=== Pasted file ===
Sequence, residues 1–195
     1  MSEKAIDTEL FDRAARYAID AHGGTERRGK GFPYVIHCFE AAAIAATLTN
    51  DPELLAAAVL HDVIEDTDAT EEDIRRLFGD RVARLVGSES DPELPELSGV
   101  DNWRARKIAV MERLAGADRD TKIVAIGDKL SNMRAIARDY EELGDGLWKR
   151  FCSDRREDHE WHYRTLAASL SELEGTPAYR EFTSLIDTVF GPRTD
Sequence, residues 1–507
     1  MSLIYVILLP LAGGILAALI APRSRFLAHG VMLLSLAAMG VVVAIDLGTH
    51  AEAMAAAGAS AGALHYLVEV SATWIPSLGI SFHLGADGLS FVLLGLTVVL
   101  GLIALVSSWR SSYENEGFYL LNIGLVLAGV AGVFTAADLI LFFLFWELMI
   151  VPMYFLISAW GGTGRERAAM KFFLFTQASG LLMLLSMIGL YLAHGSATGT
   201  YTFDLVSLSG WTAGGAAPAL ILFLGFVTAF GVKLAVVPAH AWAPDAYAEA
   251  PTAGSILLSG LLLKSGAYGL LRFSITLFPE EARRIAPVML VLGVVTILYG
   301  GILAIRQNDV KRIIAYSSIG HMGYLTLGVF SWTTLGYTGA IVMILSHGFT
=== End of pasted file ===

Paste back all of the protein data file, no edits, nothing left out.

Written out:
Sequence, residues 1–195
     1  MSEKAIDTEL FDRAARYAID AHGGTERRGK GFPYVIHCFE AAAIAATLTN
    51  DPELLAAAVL HDVIEDTDAT EEDIRRLFGD RVARLVGSES DPELPELSGV
   101  DNWRARKIAV MERLAGADRD TKIVAIGDKL SNMRAIARDY EELGDGLWKR
   151  FCSDRREDHE WHYRTLAASL SELEGTPAYR EFTSLIDTVF GPRTD
Sequence, residues 1–507
     1  MSLIYVILLP LAGGILAALI APRSRFLAHG VMLLSLAAMG VVVAIDLGTH
    51  AEAMAAAGAS AGALHYLVEV SATWIPSLGI SFHLGADGLS FVLLGLTVVL
   101  GLIALVSSWR SSYENEGFYL LNIGLVLAGV AGVFTAADLI LFFLFWELMI
   151  VPMYFLISAW GGTGRERAAM KFFLFTQASG LLMLLSMIGL YLAHGSATGT
   201  YTFDLVSLSG WTAGGAAPAL ILFLGFVTAF GVKLAVVPAH AWAPDAYAEA
   251  PTAGSILLSG LLLKSGAYGL LRFSITLFPE EARRIAPVML VLGVVTILYG
   301  GILAIRQNDV KRIIAYSSIG HMGYLTLGVF SWTTLGYTGA IVMILSHGFT